As part of our 25th Anniversary Celebrations, we are reaching out to our members from around the country to hear about the impact AIDA has had on their amazing careers.
Dr Crystal got into studying dermatology while she was doing her internship and junior doctor training at Darwin Hospital, noticing there were limited dermatology services in the Northern Territory.
“I felt very keenly on the impact of having a dermatologist in the area at the time. There is very limited dermatology services in the Northern Territory, and there is still not the same level of access that other states enjoy,” she said.
“As a dermatology specialist, I felt that I would be able to offer a lot more medical care than what I would be able to offer otherwise.”
After becoming a senior registrar, Dr Crystal moved back to Melbourne, co – founding the First Nations Dermatology Service, run from the Royal Melbourne Hospital. Dr Crystal and her team had a simple goal in mind when starting the service: to improve global and First Nations access to specialist dermatology services.
“It started off as a very small project. It is now a dedicated clinic within The Royal Melbourne Hospital – one of the biggest hospitals in Melbourne, a place that traditionally hasn’t had a lot of First Nations doctors or patients. We have now created a physical and digital space for our patients there.”
The humble project was so successful that Dr Crystal and her team won The Telstra 2021 Brilliant Women in Digital Health Award for their incredible work.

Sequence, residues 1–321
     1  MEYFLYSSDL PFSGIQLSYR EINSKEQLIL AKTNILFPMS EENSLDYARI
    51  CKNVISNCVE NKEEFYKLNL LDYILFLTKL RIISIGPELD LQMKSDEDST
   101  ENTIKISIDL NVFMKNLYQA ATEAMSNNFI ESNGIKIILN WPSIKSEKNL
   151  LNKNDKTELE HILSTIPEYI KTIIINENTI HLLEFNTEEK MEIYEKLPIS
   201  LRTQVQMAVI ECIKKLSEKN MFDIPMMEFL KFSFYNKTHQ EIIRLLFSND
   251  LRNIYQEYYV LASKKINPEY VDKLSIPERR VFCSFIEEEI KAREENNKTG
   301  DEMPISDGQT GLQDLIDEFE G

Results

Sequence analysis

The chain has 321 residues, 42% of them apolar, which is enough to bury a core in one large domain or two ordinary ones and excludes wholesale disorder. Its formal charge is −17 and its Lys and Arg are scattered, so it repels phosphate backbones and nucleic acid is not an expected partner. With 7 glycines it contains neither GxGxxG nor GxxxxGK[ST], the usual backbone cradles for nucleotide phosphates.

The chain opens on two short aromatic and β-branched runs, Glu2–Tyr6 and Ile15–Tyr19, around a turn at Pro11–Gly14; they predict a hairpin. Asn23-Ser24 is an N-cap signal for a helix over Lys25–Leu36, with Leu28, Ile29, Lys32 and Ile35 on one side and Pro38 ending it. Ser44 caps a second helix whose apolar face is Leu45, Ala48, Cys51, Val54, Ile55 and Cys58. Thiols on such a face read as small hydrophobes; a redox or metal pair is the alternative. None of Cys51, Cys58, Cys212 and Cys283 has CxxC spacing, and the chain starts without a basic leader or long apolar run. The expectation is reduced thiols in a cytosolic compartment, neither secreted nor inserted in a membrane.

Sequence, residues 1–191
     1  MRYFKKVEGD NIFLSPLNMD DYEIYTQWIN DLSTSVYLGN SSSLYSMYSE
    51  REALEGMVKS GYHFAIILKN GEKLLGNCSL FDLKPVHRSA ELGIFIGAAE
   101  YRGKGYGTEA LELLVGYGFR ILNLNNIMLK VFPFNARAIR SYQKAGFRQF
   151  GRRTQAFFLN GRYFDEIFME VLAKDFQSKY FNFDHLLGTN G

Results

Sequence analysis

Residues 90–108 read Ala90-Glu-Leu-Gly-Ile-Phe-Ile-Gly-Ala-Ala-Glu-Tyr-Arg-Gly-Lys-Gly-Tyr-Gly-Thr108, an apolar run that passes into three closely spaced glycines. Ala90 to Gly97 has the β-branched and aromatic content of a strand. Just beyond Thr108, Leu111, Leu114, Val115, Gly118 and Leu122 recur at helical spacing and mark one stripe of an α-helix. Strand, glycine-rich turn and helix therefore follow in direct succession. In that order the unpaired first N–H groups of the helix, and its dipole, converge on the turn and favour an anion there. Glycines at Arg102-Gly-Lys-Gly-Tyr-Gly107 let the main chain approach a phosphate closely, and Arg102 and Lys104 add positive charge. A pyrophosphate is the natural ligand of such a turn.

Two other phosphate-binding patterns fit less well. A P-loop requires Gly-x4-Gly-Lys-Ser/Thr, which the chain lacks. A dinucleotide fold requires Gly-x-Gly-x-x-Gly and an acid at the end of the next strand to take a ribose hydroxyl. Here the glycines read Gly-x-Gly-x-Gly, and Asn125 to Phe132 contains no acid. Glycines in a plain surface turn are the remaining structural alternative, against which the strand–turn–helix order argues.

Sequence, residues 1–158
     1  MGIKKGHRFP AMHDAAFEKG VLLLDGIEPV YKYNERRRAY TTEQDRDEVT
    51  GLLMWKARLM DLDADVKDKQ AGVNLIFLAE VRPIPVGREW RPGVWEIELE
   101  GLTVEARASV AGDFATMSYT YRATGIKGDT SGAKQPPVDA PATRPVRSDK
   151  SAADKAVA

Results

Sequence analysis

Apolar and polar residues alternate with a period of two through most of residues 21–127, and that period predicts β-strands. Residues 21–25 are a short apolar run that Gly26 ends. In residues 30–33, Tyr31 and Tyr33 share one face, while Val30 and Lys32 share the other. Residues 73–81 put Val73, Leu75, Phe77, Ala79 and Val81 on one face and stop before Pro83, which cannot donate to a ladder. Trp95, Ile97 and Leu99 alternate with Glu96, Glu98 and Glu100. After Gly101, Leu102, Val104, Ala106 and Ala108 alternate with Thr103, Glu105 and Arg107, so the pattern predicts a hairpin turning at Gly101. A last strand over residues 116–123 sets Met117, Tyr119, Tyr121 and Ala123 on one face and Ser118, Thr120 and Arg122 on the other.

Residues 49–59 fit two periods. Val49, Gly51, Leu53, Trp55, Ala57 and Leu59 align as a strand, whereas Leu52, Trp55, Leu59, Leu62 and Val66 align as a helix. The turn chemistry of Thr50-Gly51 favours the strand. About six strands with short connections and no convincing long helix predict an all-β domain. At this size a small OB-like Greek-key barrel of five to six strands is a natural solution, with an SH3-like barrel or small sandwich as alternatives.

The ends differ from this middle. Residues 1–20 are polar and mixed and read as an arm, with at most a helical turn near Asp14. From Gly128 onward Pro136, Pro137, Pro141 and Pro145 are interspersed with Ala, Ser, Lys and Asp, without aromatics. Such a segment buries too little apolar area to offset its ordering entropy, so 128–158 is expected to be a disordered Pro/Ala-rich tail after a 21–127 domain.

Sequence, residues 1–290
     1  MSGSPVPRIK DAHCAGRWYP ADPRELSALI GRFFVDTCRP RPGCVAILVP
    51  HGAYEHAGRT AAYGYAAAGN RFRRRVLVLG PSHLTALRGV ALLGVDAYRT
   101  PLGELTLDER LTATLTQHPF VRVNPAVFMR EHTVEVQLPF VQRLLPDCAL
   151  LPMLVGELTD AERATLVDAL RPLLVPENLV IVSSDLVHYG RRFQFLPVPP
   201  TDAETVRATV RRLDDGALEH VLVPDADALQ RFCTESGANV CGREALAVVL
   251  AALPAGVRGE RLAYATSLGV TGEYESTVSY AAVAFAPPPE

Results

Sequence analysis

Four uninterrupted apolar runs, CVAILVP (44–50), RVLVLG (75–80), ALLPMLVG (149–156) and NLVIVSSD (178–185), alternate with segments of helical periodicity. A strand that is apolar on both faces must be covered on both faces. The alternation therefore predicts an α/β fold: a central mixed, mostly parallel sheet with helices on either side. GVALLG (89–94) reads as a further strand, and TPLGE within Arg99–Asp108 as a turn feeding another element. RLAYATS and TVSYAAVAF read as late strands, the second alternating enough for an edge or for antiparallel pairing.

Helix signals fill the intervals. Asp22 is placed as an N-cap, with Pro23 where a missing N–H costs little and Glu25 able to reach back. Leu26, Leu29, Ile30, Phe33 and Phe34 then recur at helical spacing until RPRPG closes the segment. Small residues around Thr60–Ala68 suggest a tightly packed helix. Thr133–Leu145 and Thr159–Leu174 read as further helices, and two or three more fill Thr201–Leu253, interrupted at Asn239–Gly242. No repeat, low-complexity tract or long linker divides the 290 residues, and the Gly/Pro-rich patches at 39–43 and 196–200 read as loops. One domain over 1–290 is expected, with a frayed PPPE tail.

“To then receive this national recognition for what was at the time an idea that we didn’t think or were even sure would work. It’s amazing!” Dr Crystal beams.
Using her Digital Health service has allowed Dr Crystal to connect to Aboriginal and Torres Strait Islander patients around the country and consult with them, which she finds incredibly rewarding. She is also excited to be able to help more people as new advances take place in dermatology.
“We have seen people who have had very debilitating life impacting skin conditions that have impacted on their confidence, their weight, their career progression, and even how they have interacted in the community.”
“Seeing that all change very quickly with some of the medicines that we are able to prescribe. As a specialist, the fact that I am able to offer this is a very humbling experience,” she said.
Closing the Gap is something Dr Crystal is passionate about. She believes the key to Closing the Gap lies within the medical workforce.
“I still believe the key is with the workforce. The workforce has done so much in recent years to have a First Nations voice across a lot of medical colleges in Australia. I think fundamentally that is where the key is,” she said.
Dr Crystal commends the work AIDA has already done in this space, and hopes it continues to progress as a leader in First Nations Health.
“[AIDA] will continue to be the pivotal organisation for First Nations doctors in this country and an absolute force to be reckoned with at the negotiating table with the medical colleges. I love it,” she said.
“I think there were 50 First Nations Doctors when I started studying and now there’s hundreds. The growth is almost exponential, it’s so good to see”
Advocating for Digital Health, Dr Crystal hopes that more doctors will use the technology available to them to reach patients who need their support around the country.
“There’s an unmet need for digital health, it is really accessible for our communities and we’re in an age when it’s acceptable for doctors to use technology when reaching out to reach patients.”